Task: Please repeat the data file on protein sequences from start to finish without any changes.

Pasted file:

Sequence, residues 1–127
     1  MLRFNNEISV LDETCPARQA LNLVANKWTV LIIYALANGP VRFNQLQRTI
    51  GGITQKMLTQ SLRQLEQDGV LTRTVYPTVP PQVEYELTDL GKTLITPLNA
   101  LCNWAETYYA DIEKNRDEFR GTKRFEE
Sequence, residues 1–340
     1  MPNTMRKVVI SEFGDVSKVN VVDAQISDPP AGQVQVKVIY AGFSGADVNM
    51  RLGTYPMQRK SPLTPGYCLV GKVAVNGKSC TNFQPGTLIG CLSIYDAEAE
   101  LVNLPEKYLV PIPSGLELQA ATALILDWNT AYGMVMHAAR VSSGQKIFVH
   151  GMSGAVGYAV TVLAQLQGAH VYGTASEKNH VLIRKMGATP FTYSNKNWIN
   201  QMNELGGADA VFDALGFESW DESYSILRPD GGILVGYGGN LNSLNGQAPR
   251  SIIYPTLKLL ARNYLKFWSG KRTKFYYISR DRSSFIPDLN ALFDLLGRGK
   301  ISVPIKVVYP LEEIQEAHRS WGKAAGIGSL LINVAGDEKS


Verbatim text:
Sequence, residues 1–127
     1  MLRFNNEISV LDETCPARQA LNLVANKWTV LIIYALANGP VRFNQLQRTI
    51  GGITQKMLTQ SLRQLEQDGV LTRTVYPTVP PQVEYELTDL GKTLITPLNA
   101  LCNWAETYYA DIEKNRDEFR GTKRFEE
Sequence, residues 1–340
     1  MPNTMRKVVI SEFGDVSKVN VVDAQISDPP AGQVQVKVIY AGFSGADVNM
    51  RLGTYPMQRK SPLTPGYCLV GKVAVNGKSC TNFQPGTLIG CLSIYDAEAE
   101  LVNLPEKYLV PIPSGLELQA ATALILDWNT AYGMVMHAAR VSSGQKIFVH
   151  GMSGAVGYAV TVLAQLQGAH VYGTASEKNH VLIRKMGATP FTYSNKNWIN
   201  QMNELGGADA VFDALGFESW DESYSILRPD GGILVGYGGN LNSLNGQAPR
   251  SIIYPTLKLL ARNYLKFWSG KRTKFYYISR DRSSFIPDLN ALFDLLGRGK
   301  ISVPIKVVYP LEEIQEAHRS WGKAAGIGSL LINVAGDEKS